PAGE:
It also makes perfect sense for TED. Watch almost any TEDTalk and invariably the subject percolated and took shape out of this inseparable mix of passion, personal and professional.

But exactly how this ease in expression and connection I see at TEDxWomen happens, I can’t say. And how to tap into it on a larger scale . . . I wish I knew.

This question—how to scale-up?—came up again, in fact, almost every time a speaker shared yet another project, idea, model, theory or good work.

One particularly poignant example is the counter-terrorism efforts of Edit Schlaffer, Archana Kapoor and Arshi Saleem Hashmi that enabled Pakistani and Indian women, both, to move from victimhood, and the defaults of fear and hate, to agency, understanding and empathy.

 

Some quotes:

“The loss of a son, no matter whose son, is the loss of a son.”

 

“Terrorists know how to use the power of women, why do not counter-terrorists?”

 

 

 

Another great quote from the day comes from John Gerzema, who said:

“Femininity is the Operating System of 21st century progress.”

Maybe you want to pause…go back, read that again. It’s quite an interesting thing to say, isn’t it?


It is the basic idea of what he calls the Athena Doctrine. Surveying as many as 60,000 across the globe, Gerzema found that character traits classified as “feminine” were rated as highly important for leadership, success, morality and happiness. “Feminine values,” he states, “are ascendant.” I, personally, would love to see what more empathy, respect, patience, expressiveness and flexibility, among other traits, would do for the world. I hope he is right. But I would also like to see research on the correlation between what people say they want and what people actually do.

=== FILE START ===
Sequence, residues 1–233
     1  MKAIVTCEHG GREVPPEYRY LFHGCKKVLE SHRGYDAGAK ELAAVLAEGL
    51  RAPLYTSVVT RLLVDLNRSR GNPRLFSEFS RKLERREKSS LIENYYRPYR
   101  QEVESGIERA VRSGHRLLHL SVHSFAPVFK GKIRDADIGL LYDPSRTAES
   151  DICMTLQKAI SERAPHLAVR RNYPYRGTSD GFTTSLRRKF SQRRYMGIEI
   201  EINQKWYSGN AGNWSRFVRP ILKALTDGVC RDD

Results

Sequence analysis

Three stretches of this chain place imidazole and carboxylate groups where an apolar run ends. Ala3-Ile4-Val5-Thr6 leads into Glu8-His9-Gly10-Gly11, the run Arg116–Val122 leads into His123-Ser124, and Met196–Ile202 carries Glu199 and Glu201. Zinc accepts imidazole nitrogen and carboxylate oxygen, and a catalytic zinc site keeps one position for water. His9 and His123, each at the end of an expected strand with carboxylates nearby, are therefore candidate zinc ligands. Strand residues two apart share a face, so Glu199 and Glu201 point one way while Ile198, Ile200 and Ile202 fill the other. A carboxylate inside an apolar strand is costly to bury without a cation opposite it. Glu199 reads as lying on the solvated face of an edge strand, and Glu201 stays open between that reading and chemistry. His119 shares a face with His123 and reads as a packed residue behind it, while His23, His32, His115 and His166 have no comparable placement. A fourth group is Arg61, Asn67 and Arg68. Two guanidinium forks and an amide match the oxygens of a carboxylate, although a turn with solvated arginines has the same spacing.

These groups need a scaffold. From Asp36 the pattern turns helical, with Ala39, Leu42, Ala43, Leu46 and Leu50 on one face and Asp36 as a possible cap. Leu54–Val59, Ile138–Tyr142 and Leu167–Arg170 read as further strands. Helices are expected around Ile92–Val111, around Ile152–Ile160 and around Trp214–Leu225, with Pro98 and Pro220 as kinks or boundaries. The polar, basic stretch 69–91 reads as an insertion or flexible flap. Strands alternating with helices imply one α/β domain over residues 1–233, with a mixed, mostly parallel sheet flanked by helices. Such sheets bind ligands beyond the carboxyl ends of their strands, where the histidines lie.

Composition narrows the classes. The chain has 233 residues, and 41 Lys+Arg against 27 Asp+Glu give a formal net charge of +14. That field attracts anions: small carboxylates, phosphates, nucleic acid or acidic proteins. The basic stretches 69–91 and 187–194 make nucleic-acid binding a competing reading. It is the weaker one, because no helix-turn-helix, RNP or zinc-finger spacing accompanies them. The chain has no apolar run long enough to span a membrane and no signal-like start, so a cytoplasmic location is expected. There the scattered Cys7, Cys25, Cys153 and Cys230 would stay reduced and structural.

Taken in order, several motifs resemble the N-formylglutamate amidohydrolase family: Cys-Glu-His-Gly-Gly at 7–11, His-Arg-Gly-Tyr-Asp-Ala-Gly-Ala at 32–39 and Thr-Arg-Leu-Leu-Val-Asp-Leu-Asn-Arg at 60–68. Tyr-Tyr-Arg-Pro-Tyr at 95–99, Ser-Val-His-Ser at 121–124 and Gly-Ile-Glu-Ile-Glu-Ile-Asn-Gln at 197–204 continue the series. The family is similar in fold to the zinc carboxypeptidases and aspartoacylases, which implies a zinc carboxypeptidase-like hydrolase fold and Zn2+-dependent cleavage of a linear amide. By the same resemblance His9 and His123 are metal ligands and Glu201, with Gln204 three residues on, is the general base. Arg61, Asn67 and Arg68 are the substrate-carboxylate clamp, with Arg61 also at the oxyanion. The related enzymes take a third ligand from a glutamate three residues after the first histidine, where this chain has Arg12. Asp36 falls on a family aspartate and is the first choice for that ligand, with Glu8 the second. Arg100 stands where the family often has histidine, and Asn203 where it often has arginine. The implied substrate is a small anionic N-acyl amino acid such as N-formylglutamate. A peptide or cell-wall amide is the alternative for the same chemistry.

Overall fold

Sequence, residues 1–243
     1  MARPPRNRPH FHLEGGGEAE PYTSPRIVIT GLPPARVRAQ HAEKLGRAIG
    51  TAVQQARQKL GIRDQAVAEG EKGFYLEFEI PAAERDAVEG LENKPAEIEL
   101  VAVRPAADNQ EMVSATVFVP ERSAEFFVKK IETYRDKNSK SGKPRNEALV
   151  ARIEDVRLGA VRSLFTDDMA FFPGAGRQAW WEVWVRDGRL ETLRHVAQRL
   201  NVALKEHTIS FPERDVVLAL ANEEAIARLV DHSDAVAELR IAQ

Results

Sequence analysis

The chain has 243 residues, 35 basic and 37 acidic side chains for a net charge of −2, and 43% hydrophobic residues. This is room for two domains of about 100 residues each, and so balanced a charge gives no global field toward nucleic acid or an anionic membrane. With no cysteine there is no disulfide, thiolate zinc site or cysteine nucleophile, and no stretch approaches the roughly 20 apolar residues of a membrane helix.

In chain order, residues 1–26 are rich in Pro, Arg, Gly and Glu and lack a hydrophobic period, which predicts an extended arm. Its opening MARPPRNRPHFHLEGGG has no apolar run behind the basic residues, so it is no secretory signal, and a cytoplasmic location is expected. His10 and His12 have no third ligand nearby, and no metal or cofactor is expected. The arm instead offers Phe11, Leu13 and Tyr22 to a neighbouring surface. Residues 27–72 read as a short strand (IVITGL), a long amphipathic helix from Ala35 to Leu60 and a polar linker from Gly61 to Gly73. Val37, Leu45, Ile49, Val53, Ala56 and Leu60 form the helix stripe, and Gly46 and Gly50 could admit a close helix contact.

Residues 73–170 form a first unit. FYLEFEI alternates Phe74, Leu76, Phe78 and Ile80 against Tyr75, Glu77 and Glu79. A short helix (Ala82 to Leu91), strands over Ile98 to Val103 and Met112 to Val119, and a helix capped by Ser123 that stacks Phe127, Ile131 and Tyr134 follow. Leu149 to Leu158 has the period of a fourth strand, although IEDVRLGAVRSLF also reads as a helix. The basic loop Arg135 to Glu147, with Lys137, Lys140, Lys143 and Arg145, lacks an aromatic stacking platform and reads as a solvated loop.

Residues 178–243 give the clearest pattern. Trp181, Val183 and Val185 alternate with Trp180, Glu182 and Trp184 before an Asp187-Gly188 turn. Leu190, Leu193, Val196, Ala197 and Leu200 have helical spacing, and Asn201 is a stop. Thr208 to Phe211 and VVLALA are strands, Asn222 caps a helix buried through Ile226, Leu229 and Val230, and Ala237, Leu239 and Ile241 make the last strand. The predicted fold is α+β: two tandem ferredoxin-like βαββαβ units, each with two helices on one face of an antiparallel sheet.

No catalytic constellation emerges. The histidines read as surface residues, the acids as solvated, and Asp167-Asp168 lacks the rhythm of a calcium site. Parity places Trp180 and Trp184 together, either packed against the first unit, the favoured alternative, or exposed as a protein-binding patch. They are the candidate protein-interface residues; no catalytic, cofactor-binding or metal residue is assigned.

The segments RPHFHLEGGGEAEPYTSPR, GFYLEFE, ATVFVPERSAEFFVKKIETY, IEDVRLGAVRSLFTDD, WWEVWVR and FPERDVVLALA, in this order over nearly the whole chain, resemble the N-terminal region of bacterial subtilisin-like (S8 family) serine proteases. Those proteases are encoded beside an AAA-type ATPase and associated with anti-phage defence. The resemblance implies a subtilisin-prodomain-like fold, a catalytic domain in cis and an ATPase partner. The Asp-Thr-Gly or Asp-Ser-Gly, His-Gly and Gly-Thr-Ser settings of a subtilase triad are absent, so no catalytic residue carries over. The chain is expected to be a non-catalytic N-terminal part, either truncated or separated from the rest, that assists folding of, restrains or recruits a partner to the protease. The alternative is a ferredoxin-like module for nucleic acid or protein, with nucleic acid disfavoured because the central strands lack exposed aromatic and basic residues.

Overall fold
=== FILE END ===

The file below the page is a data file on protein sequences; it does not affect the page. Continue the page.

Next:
TEDxColumbusWomen 2012
Four reasons (and there are undoubtedly more) to watch Eboo Patel’s talk are:

  1. it’s a great trajectory story (how I got from there to here);
  2. Patel speaks about faith in a way meaningful to believer, non-believer and all that’s in-between;
  3. if you don’t already know about Dorothy Day, you will; and
  4. trust me, you don’t want to miss out on meeting his grandmother.

Two speakers, Angela Patton and Shabana Basij-Rasikh, share particularly poignant stories about the importance of fathers.